The Wraparound House is located in the Marina District, which stretches along the San Francisco Bay.
Designed by local firm SAW, or Spiegel Aihara Workshop, the project entailed the overhaul and expansion of a 1930s, Spanish Revival-style dwelling that sits on a long, rectangular property. The building originally had three bedrooms and totalled 2,921 square feet (271 square metres).
The clients – a couple with three school-age children – desired a home with more space for indoor and outdoor activities, places for working, and views of the water.
The project came with an extra challenge – the need to remediate the soil under the house, which was contaminated and unstable.
The contamination was likely caused by residue from a former gas plant that operated in the area from 1891 to 1906, when a major earthquake struck the city.
In addition, most of the Marina neighbourhood was once a landfill, resulting in instability in the soil – a major issue given that San Francisco is prone to earthquakes.
"The site, in particular, is in a liquefaction zone, in which sand and silt would take on the characteristics of a liquid during an earthquake," the team said.
The team ended up excavating four to six feet of soil and replacing it with new soil.
They lifted up the entire house and modernised the foundation using a thick mat slab. Load-bearing and shear walls were redistributed, "opening up possibilities for unusual spatial configurations".
"The project was an opportunity to remediate and stabilize the land beneath the home – and for the architects, a conceptual reconsideration of the notion of groundedness through re-distributing the excavated ground vertically," the team said.
To enlarge the house, the team added an upper-level volume that is set back from the street. It also added space horizontally by expanding the ground level in the rear. The home now totals 4,738 square feet (440 square metres).
The front facade was left largely untouched, but the rear elevation was transformed to include stepped terraces connected by a black spiral staircase.
"On most days, one is just as likely to take the exterior stairs as the interior stairs to move between rooms," said architect Dan Spiegel, a founding partner at SAW.
"It doesn't quite look like it, but it works a bit like a mobius strip in that way."
Inside, the ground level holds the foyer, a two-car garage, a den and interlocking bedrooms for the kids. The middle level contains a formal living room, a dining area, a kitchen and a family room.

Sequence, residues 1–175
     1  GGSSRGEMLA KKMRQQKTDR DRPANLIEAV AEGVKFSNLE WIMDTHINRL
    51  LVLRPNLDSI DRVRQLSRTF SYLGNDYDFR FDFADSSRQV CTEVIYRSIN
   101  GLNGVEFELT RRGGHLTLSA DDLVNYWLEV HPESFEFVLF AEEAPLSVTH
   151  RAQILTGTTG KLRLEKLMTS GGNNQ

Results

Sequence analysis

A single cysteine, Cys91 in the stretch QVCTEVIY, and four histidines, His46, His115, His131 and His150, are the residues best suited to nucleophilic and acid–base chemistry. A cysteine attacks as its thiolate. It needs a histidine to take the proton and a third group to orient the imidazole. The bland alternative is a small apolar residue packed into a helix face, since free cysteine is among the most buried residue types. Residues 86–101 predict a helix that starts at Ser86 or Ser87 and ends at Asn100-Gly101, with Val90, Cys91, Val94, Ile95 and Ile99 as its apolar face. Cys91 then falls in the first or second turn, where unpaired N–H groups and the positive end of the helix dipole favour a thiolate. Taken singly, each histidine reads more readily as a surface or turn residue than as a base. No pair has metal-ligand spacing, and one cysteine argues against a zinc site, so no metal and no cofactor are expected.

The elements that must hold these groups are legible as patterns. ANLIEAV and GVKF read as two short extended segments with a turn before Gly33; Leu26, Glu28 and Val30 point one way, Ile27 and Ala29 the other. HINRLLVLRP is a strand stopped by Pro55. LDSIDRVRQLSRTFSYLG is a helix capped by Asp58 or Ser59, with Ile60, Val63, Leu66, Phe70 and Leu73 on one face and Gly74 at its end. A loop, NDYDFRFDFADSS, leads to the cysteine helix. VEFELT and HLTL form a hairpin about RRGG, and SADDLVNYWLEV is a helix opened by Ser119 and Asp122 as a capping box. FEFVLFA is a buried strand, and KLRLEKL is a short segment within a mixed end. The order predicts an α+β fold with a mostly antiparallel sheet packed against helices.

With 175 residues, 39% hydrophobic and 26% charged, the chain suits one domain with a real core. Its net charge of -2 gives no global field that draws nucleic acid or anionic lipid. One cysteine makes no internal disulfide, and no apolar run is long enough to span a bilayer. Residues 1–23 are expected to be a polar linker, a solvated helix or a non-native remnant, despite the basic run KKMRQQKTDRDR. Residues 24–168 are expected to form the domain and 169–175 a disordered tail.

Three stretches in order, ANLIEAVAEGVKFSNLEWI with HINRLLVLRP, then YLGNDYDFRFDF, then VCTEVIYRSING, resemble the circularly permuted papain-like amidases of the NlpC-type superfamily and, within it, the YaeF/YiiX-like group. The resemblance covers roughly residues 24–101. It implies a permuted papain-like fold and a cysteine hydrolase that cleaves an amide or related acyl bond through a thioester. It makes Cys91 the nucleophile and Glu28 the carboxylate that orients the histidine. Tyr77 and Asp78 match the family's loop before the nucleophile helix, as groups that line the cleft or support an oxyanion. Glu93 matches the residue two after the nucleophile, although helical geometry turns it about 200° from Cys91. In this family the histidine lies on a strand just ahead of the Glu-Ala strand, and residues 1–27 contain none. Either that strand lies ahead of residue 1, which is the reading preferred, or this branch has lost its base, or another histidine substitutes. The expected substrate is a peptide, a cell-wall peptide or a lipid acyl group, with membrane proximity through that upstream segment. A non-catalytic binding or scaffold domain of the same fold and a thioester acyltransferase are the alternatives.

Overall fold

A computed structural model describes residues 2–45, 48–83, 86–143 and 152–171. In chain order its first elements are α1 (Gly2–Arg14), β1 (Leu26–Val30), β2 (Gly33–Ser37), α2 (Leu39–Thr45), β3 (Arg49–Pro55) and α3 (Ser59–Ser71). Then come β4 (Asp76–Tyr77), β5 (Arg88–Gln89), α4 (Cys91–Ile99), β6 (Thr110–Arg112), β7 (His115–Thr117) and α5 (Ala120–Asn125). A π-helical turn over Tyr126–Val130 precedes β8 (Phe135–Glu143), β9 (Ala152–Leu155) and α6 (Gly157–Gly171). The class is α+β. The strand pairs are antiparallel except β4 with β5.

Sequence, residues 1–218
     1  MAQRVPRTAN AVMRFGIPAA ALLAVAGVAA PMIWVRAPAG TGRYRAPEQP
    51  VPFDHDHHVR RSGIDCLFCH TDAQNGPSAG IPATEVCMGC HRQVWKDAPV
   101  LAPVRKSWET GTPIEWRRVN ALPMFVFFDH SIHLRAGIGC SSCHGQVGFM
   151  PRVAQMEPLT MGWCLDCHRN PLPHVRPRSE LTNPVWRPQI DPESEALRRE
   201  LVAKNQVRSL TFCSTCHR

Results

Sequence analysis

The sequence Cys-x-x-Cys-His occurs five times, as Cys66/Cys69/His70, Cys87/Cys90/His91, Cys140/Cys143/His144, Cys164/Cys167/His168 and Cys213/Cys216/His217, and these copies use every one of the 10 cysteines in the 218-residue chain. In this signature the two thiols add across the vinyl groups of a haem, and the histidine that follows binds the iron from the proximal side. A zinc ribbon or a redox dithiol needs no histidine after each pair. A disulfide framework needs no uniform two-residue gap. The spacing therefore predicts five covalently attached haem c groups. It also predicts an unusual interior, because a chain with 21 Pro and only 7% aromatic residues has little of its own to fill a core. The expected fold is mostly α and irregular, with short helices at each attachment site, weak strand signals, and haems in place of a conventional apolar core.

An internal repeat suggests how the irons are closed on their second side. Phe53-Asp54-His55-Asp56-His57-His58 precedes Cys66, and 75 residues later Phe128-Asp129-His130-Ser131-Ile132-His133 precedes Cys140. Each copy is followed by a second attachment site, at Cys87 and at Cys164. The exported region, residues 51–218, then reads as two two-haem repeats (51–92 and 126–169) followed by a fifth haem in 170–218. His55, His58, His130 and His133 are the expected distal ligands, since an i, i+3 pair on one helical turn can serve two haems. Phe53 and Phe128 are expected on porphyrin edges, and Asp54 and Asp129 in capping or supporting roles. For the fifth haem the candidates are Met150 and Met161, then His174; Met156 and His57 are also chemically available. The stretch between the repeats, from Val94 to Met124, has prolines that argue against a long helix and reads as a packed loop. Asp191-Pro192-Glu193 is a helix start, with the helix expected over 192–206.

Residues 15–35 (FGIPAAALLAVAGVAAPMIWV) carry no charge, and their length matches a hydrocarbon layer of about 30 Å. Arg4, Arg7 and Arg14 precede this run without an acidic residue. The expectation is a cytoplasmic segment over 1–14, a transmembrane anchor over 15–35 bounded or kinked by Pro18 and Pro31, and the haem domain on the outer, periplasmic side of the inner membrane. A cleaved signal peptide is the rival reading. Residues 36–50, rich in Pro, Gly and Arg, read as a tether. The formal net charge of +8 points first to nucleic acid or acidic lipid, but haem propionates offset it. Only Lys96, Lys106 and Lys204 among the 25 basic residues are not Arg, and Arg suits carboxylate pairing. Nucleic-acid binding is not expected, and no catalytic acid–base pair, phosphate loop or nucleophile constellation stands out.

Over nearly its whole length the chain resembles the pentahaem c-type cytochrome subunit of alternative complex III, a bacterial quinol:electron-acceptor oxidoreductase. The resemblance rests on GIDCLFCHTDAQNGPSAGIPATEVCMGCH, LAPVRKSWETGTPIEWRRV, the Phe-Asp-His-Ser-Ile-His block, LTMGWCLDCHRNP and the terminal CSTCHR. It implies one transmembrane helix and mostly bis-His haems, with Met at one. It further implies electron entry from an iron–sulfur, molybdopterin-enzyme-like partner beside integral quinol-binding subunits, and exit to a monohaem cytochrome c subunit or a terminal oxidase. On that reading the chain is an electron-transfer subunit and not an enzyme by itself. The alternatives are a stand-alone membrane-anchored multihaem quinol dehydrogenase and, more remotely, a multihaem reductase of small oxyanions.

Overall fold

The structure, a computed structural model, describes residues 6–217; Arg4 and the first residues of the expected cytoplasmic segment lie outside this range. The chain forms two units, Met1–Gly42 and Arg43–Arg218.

On the top level, one finds the main bedroom suite and two additional bedrooms. A roof deck offers a sweeping view of the city and the bay.
Rooms are filled with an eclectic mix of decor, and finishes include stone, wood and metal. Heidi Kim of local studio White Space Design oversaw the interior design.
Within the dwelling, levels are connected by a staircase with sculptural, white walls. Near the garage, a secondary interior stair connects the ground and first floors.
The team wanted all levels to feel connected to the remediated earth.
"We set out to maintain a complete continuity of a new ground across the entire house, ensuring that every roof was not so much the top of something, but the bottom of something — a new ground," the team said.
The team also wanted to honour the building's architectural heritage.
In turn, the studio incorporated curved elements – such as rounded corners and the sculptural staircase – which draw upon the arched thresholds found in Spanish Revival homes.
"The project's name, Wraparound, comes from the impact of subtle variation in corner geometry on directional movement, in the same way a rounded corner on a hockey rink serves to help wrap around the back of the goal and control a puck to the other side," the team said.
SAW also oversaw the home's landscape design, which had to be fully rethought due to the soil remediation.
The team created an hourglass-shaped lawn that is ringed by a scooter/bike track. Artificial turf was used to help cut down on water use.
Atop the house, a portion of the roof is a planted surface with a mix of sedums, succulents and shrubs.
Other projects by SAW include the vertical expansion of a hillside residence in San Francisco, allowing for better views, and the creation of a "nomadic fitting room" for a online lingerie retailer, which the firm designed in collaboration with US studio MOA.
The photography is by Paul Dyer. The top photo is by Mikiko Kikuyama
Architecture and landscape architecture: Spiegel Aihara Workshop (SAW)
Project team: Kenneth Hu, Max Obata, Sharon Ling, Darcy Spence, Max Kronauer, Dan Spiegel, Megumi Aihara
General contractor: Forma
Interior design: White Space Design (Heidi Kim)
Structural engineer: Element Structural Engineers
Geotechnical engineer: Murray Engineering